The field trial of a mineral-based concrete binder as a replacement for portland cement shows promise, says structural engineer Don Davies, the developer of a living laboratory in Seattle to prove the efficacy of bleeding-edge reduced-carbon materials.

The structural engineer-turned-developer showcased C-Crete Technologies’ zeolite-based binder in a 20-ton outdoor slab-on-grade, cast on Nov. 16, at the 5,126-sq-ft Hubbard’s Corner seismic retrofit. Davies is excited about the implications of concrete containing C-Crete’s zeolite binder, which he says was batched from a ready-mix truck, pumped and finished using normal construction procedures.

“We are over 4,500 psi with cylinder breaks at 28 days, and [the slab] is still getting stronger,” says Davies, a founding principal of developer-sustainability consultant Davies-Crooks Associates and chair of the nonprofit Building Transparency, which supports construction industry efforts to address embodied carbon’s role in climate change.

As with other portland cement-free mixes, there is very little heat generated during curing, says Davies. “This means it will be great in hot weather applications, but it is slower to set and cure in the cold,” he adds.

Second C-Crete Debut

This was Hubbard’s second debut of a C-Crete product. Earlier this year, crews cast about 100 tons of concrete containing C-Crete Cement, which uses blast-furnace slag as a binder, as part of the demonstration building’s concrete structure. 

The C-Crete zeolite mix behaved similarly to the slag mix, Davies says.

Zeolites are plentiful “hydrated aluminosilicate minerals that contain alkali and alkaline-earth metals,” according to the Encyclopaedia Britannica. “Natural zeolites occur in volcanic rocks as cavity fillings.” They also are in sedimentary rocks on land and in the ocean.

There are “billions of tons” of the naturally occurring zeolite available in California alone, says Rouzbeh Savary, founder and president of C-Crete Technologies, a building materials-science startup based in San Leandro, Calif. The zeolite rock for the Hubbard’s project was sourced from Zeolite Composites LLC, he adds.

C-Crete’s zeolite-based concrete has more than 5,000-psi compressive strength, says C-Crete. It flows and pumps like conventional concrete and meets the industry standards set by ASTM International for mechanical and durability properties, such as expansion and freeze-thaw resistance. 

C-Crete offered the material to the Hubbard's Corner project at a comparable price to normal portland cement, says Davies. "Our cost delta has not been in the base material, it has been in the handling of a different material through the batch plant, and the mark-up and testing that the batch plant may place on being asked to do something different," he adds.

There is an early-adopter case-by-case cost premium today, which should go away with time, Davies continues. "The same can be said for many of the newer next-generation lower carbon supplementary or alternative cement materials starting to be considered," he says.

Savary says the zeolite binder does cost more, at least for the time being. When production is scaled up, the cost of the binder will eventually match the cost of portland cement, he says. “At small scales, any manufacturing is sub-optimal and cost is more,” he adds.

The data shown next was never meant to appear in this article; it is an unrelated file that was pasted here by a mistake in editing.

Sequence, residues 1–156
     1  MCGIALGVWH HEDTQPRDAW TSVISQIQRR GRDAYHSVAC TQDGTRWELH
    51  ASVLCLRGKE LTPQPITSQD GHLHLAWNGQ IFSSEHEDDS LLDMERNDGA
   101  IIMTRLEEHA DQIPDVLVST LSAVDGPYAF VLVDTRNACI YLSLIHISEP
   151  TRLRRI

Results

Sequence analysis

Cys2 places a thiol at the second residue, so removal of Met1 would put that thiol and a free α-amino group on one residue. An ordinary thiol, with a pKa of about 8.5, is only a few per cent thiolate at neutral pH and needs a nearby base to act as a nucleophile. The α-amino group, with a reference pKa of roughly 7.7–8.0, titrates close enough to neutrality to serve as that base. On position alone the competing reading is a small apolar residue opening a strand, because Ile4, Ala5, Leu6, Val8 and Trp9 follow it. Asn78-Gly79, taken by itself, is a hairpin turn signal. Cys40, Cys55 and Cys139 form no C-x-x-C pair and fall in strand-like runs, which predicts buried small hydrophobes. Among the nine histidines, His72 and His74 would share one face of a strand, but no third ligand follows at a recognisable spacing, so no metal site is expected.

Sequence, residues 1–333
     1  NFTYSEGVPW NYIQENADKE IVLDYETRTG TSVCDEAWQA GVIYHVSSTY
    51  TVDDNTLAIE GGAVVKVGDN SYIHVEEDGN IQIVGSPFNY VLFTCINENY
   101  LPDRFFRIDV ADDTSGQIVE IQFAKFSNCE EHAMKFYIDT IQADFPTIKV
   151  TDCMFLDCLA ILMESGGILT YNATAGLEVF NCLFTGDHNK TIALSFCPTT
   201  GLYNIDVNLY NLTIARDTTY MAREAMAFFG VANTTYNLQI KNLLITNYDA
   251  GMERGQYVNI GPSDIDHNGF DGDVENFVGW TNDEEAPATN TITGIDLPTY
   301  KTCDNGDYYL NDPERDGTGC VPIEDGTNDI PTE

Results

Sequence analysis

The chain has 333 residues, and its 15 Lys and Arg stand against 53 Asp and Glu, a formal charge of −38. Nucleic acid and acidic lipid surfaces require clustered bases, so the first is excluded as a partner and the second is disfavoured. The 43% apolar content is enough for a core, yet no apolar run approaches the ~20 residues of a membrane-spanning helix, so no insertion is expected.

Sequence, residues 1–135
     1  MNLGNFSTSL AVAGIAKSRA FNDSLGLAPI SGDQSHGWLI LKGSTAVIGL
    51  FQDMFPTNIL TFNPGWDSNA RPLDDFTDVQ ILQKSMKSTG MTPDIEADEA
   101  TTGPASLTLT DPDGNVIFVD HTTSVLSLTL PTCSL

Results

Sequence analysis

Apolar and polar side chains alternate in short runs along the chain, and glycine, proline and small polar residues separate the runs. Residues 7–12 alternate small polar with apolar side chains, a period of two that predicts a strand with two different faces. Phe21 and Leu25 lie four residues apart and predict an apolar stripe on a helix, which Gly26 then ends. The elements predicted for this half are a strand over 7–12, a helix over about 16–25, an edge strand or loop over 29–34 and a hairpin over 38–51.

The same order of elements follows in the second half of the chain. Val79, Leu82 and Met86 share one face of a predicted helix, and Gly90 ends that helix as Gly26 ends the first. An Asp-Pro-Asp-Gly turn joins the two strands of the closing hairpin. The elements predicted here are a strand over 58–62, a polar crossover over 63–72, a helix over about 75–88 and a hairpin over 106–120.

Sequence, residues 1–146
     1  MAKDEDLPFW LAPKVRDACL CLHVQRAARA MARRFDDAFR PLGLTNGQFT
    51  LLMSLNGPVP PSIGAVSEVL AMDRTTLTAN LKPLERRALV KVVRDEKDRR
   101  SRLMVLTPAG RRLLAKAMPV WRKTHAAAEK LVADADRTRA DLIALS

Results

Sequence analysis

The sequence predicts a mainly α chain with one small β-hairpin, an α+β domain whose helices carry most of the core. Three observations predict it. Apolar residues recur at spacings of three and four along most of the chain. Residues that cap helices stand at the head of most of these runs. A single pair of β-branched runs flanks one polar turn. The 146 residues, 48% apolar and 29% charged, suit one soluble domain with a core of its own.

C-Crete is currently in discussions with potential industrial partners for a large-scale plant, which would produce about 1 million tons per year, as do most portland cement plants. C-Crete’s zeolite pilot plant has a capacity of about 1,000 tons per year. 

Cautiously Optimistic

Other concrete specialists are cautiously optimistic about emerging binders. “Developing novel binders is an important and promising pathway to lower embodied-carbon concrete,” says Dirk Kestner, senior principal and director of sustainable design at structural engineer Walter P Moore. “We need a life-cycle assessment or an environmental product declaration to quantify the inputs” related to production, he adds. “We also need durability tests.”

Andreas Tselebidis, chief engineering, research and development officer for Smyrna Ready Mix Concrete LLC has a similar take on portland cement-free binders. For massive foundations, he is concerned about “workability performance over time during the placement, the durability aspects of the concrete and the engineering properties over time under loading. 

“We need to understand the limitations,” says Tselebidis. Still, the zeolite binder is “a step” toward C-Crete’s goal of more-sustainable concrete, he says.

Other recent steps are two grants to C-Crete from the U.S. Dept. of Energy. In October, DOE awarded C-Crete $2 million to “demonstrate the feasibility of converting greater than 10 kg per day of CO2 to a special formulation of high-performance concrete that rivals or outperforms portland cement concrete while mineralizing net CO2.”

The material under development is intended to be a fast-curing and carbon-negative concrete with high strength and toughness that uses low manufacturing energy, according to C-Crete. 

In September, DOE awarded C-Crete $950,000 to expand the types of materials for the production of portland cement-free concrete, using local feedstocks. Local feedstocks are attractive because they would eliminate long-distance shipping, says C-Crete.